Bristol-Myers Squibb announced today a potential $1 billion partnership deal with the biggest pharmaceutical company in the world, Pfizer, on a clot-busting drug. And there are signals that its older, troubled partnership with ImClone Systems could be in for some reconciliation.
Shares of IMCL were down after the company reported that sales of the cancer drug it markets with BMY, Erbitux, climbed 16% in the first quarter, but fell short of the analyst consensus by $5 million. Then, during the Q&A portion of ImClone's conference call at 11 a.m. ET today, the stock suddenly shot up to a new high. That happened after officials on the call made a comment about how they're mending fences regarding their relationship with Bristol.
Activist investor Carl Icahn has been pushing ImClone and Bristol to make nice. To that end, ImClone announced today that Bristol's CFO Andrew Bonfield is getting a seat on the IMCL Board. Then the stock went down when an official answered a question about whether with biotech M&A being so hot lately, could ImClone get taken out? The official said, "We are not planning to sell the company. We are not spending any time trying to do that."
Talk about a roller coaster of a conference call, because the stock shot back up later when they came back to the subject of the Bristol "talks," and an official said, "We don't wanna mislead people to conclude there could be a dramatic change in the structure of the (Erbitux) agreement. But we don't wanna discuss any details. Over time, we can give more information about how things are developing." Hmmm.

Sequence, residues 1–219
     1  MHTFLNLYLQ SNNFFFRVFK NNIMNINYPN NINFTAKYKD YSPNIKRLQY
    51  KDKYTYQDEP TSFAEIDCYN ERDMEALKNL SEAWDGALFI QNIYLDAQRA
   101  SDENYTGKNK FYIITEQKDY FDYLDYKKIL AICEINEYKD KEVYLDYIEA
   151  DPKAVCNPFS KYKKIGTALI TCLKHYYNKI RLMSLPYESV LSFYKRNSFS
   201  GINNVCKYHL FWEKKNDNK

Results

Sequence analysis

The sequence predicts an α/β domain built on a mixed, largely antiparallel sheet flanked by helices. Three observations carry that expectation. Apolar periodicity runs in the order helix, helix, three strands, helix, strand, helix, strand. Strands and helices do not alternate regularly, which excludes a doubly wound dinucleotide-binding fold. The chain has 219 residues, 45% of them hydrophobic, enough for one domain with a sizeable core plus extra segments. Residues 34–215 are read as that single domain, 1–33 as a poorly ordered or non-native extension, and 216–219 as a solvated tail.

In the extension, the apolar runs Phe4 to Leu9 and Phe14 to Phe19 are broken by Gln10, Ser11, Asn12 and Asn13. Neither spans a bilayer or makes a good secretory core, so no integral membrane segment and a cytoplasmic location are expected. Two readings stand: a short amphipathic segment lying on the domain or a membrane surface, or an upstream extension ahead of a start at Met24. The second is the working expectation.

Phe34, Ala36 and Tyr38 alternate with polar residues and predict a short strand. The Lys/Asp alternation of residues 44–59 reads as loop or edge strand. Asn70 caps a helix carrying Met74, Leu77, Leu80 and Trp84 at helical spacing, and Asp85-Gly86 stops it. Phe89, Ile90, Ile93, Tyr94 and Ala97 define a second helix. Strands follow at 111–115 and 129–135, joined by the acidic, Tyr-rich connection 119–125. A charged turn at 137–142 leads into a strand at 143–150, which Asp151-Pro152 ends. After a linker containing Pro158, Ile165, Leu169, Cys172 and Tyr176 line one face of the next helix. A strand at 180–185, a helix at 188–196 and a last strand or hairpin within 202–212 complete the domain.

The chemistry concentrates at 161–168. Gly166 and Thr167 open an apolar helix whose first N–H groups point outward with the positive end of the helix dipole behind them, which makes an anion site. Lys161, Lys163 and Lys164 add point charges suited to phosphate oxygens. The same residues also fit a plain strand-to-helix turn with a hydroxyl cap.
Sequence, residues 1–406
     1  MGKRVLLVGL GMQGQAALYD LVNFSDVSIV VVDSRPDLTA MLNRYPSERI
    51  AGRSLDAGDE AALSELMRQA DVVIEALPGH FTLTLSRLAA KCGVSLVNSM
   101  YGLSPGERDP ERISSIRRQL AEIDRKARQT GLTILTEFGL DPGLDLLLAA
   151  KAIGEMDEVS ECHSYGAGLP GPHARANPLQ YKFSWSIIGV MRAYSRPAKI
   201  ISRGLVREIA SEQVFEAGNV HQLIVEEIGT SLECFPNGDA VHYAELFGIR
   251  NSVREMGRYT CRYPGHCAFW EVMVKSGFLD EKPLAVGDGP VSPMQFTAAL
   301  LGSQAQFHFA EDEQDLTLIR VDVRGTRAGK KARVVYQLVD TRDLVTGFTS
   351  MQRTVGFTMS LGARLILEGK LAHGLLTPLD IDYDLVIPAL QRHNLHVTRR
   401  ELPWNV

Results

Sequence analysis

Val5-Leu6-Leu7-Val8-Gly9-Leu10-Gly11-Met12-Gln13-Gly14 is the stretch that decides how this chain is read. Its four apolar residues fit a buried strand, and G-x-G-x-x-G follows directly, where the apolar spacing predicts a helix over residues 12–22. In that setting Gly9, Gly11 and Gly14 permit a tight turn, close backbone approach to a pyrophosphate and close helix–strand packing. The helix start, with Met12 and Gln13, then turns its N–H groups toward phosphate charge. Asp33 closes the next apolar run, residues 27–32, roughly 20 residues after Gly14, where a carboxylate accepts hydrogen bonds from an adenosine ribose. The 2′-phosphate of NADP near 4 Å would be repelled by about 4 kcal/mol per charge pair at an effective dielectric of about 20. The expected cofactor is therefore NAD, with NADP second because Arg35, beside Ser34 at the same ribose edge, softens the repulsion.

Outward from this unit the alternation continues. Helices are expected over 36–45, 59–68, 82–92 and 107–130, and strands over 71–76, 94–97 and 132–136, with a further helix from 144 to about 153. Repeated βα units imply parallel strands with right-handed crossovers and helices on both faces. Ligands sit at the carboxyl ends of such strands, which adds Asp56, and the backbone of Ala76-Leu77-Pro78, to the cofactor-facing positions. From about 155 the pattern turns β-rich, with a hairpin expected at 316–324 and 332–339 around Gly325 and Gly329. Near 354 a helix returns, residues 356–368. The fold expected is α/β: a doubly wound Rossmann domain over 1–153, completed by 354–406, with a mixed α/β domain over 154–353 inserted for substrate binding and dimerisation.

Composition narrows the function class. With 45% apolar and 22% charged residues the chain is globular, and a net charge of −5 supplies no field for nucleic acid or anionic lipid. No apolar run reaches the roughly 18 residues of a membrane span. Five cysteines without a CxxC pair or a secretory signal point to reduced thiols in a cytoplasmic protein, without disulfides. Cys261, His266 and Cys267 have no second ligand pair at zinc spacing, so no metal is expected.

ImClone is also still searching for a new CEO. On the call, they said they're "making significant progress. But we're not ready to announce anything." Bristol, on the other hand, announced today that it's hiring interim CEO, Jim Cornelius, as its permanent CEO. Cornelius had said he didn't want the job.
But after spending the past several months working with all of the good people at BMY, listening to a "persistent and persuasive" Chairman try to lure him, and Cornelius' wife apparently taking a liking to New York City, the 63-year-old decided to sign on for two years.
In addition to that announcement, Bristol also beat the Street and raised its full-year earnings guidance. So, guess what happened? The stock went down! On the call, CFO Bonfield explained that some analysts think the PFE partnership and the hiring of Cornelius indicates Bristol may not be for sale and so disappointed investors are selling the stock today.
Some analysts also think that Cornelius' hiring means Bristol couldn't find anyone else. With the up-'til-now persistent rumors about the company being a takeout target and the pending court decision on its Plavix patent, who would come from outside to take the job?
On a conference call with reporters, Chairman Jim Robinson insisted, "We had a number of highly-regarded people who were interested in the company." One of those people is rumored to be Schering-Plough's turnaround-guy extraordinaire, Fred Hassan. Robinson would only say, "He's a respected CEO in the industry and we have a high regard for him."
How high is their regard for Cornelius? We'll find out tomorrow when the company is expected to post on the SEC website (sec.gov) the pay package for Cornelius. On the call officials declined to say whether it includes the $25,000 a month BMY has been paying for Cornelius' Manhattan apartment. No wonder his wife likes the city so much.
Questions? Comments? Pharma@cnbc.com